Usually, it is up to citizens to vote on whether or not their city will allow cultivators into their city. There are several cities that allow the cultivation of CBD in order to get the best CBD oil for sleep and anxiety issues. Cities usually limit cultivation to the town’s industrial zone as has been done in Desert Hot Springs, California. Of course, as soon as the Desert Hot Springs City Council approved cultivation in 2014 under the Mayorship of Adam Sanchez, land values shot up several orders of magnitude. Today, land sales remain brisk. In the case of Desert Hot Springs, marijuana cultivation land sales are taxed as well as the end product.
Mayor Sanchez left a substantial legacy to the city while he was in office. City management in Desert Hot Springs subsequently hired more planners to accommodate the entrepreneurs applying for permits to grow marijuana. City Council remains bombarded by requests to increase the number and kind of dispensaries in the city, and the Council remains open to arguments to do so mainly because Desert Hot Springs grew from 27,000 people counted in the 2010 census, to 37,000 people at the end of 2015 as counted by the National Association of Realtors. Current Mayor Scott Matas remains enthusiastic about the new industry because the first dispensary to open paid the city $10,000 in taxes for one month’s operation.
The Power Conundrum
The main obstacle to fast-tracking cultivators is obtaining an adequate power supply to serve them. Even though Desert Hot Springs is surrounded by electricity-generating wind turbines, and hosts the last natural gas power generating station to be licensed in California, city leaders have been either unable or unwilling to push for faster timelines in connecting power to new facilities, with some required to wait 3 years before Southern California Edison (SCE) will bring the power to them. You’d think that SCE would FastTrack these businesses, but they have chosen not to.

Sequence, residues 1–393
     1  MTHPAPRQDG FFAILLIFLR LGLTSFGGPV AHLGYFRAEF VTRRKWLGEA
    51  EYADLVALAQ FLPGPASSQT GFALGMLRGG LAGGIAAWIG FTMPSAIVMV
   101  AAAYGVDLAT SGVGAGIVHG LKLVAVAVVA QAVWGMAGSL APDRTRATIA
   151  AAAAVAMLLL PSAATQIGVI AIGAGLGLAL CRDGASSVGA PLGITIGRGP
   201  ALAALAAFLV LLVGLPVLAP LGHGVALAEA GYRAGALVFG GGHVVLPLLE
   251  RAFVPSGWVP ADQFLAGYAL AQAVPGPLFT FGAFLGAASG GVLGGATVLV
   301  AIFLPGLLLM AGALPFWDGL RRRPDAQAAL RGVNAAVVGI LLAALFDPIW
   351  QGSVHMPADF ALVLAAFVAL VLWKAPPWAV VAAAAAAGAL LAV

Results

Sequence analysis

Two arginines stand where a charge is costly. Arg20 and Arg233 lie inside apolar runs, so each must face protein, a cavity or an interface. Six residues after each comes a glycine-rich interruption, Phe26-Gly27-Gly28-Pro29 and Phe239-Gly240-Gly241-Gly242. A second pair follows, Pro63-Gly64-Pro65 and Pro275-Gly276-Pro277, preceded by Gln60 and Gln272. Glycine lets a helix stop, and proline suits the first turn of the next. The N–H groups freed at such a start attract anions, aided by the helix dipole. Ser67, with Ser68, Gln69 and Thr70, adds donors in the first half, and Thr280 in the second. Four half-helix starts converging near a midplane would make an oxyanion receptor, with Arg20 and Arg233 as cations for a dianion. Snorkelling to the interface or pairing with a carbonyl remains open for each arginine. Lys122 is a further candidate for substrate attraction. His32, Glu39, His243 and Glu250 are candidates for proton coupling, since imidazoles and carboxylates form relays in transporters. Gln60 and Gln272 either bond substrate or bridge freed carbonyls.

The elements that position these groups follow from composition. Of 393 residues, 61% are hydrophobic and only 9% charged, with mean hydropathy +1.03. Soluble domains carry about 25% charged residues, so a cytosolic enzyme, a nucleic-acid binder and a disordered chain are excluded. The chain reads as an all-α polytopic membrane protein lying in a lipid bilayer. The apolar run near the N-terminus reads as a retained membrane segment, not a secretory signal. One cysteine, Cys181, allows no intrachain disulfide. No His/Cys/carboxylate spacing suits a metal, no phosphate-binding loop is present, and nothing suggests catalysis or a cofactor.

Current applicants should not lose their interest in forging ahead though, because electric lines do criss-cross the industrial zone to supply adequate power for small to medium size cultivation operations. Mission Springs Water District (MSWD) representative Theresa Murphy stated that MSWD has no plans to bring more sewer service to the cultivation zone, however, the City accommodated growers by okaying the use of septic tanks for small to medium-sized growers as long as their Environmental Impact reports show that the tanks will cause no damage to the aquifer that is the source of the local water supply.